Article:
Xenoestrogens are petrochemical pollutants, non-biodegradable and fat-soluble (stored in fat) that accumulate in our bodies due to repeated and constant exposure in our environment. These chemicals that affect the endocrine system can disrupt the normal function of hormones and have estrogen-like effects. Typically, hormones are released by our endocrine system that signal different cells and tissues, telling them what to do. However, when these chemicals enter our bodies, they can mimic our natural hormones, behaving like these and blocking their receptors. This is particularly detrimental to hormone-sensitive organs such as the uterus and breasts, the immune and neurological systems, as well as the developing fetus in women.
Xenoestrogens In Our Body
When xenoestrogens enter the body, they increase the total amount of estrogen and generate its dominance; that is, they cause an imbalance between estrogen and progesterone. The accumulation of xenoestrogens has been identified in many health conditions, including breast, prostate, and testicular cancer, obesity, infertility, endometriosis, early onset of puberty, miscarriages, and even diabetes.
The role of estrogen, a hormone that occurs naturally in the body, is for growth and reproduction. Xenoestrogens act in the same way as it does, so when they reach our body, it receives them as estrogen by binding to hormonal receptors and blocking them. The worst thing about these false estrogens is that they are not biodegradable; that is, the body does not dispose of them, so they are stored in our fat cells and can directly and negatively affect the uterus, breasts, the immune system, or the neurological.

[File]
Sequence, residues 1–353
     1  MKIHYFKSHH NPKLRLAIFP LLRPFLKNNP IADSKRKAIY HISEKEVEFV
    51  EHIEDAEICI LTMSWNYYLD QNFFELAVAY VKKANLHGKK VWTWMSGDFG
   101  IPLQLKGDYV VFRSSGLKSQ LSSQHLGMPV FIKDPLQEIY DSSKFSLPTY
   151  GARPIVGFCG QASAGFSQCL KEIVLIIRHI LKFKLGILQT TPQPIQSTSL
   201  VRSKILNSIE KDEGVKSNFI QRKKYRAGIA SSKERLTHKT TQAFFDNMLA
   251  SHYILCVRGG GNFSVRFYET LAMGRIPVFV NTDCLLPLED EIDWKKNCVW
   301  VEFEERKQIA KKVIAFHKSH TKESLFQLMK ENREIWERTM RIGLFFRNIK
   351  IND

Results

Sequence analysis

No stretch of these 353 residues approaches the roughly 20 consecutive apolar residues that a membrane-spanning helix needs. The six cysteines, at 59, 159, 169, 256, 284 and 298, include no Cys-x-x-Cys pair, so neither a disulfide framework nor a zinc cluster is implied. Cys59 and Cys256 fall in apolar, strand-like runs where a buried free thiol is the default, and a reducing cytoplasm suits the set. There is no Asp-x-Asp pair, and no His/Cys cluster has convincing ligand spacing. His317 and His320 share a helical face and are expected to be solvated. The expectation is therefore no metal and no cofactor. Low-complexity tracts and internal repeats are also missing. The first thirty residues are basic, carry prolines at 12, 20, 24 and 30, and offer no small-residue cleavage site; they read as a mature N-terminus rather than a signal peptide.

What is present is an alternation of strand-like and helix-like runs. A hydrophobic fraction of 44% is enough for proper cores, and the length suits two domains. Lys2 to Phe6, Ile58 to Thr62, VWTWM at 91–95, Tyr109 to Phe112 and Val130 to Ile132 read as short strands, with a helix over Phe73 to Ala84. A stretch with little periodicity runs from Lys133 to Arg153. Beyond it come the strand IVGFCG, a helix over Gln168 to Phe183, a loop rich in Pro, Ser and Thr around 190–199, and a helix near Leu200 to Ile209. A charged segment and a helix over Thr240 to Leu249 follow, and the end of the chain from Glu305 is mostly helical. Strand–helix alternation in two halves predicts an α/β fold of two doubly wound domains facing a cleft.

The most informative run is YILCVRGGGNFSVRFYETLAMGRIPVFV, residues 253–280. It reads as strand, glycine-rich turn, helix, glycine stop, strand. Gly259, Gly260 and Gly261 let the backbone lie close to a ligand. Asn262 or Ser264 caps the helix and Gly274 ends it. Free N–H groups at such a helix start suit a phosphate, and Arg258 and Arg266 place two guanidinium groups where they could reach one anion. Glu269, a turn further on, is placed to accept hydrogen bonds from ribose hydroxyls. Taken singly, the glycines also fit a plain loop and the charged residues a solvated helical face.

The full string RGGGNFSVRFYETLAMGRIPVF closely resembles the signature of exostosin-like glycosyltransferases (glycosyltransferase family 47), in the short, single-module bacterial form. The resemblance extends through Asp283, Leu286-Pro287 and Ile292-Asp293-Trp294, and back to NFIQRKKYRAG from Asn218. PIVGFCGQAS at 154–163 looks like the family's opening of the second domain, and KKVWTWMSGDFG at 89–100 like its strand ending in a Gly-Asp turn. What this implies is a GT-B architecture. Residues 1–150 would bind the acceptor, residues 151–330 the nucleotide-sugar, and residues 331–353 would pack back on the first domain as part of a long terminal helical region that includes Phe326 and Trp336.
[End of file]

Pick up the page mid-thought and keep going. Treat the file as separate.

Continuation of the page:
Where Are They?
Xenoestrogens, unfortunately, are everywhere. In cleaning products, hygiene products, clothing and textiles, water sources, agriculture, skin care products, contraceptives, sunscreens, emulsifiers, paints, and an endless list!
Although they can affect almost any part of the body, the pituitary areas, the hypothalamus, the thyroid, the cardiovascular system, the adipose tissue, and the uterus are the most affected. Diseases such as diabetes, early puberty, or hypothyroidism are just some of the consequences of the accumulation of xenoestrogens in our body. Here are some products that contain xenoestrogens:
- Hormone replacement therapy (HRT) and birth control pills
- Pesticides and herbicides
- Plastic water bottles, plastic wrap (film), and containers
- Body and skincare products containing parabens and/or phthalates
- Paint and other building materials
- Cleaning products
Because xenoestrogens are so prevalent in the air, water, soil, vegetation and stored in the bodies (especially fat) of the animals we eat, it is impossible to avoid them completely. However, we can take steps to reduce them and most importantly, improve our body’s ability to metabolize estrogen by supporting our liver’s detoxification system, including: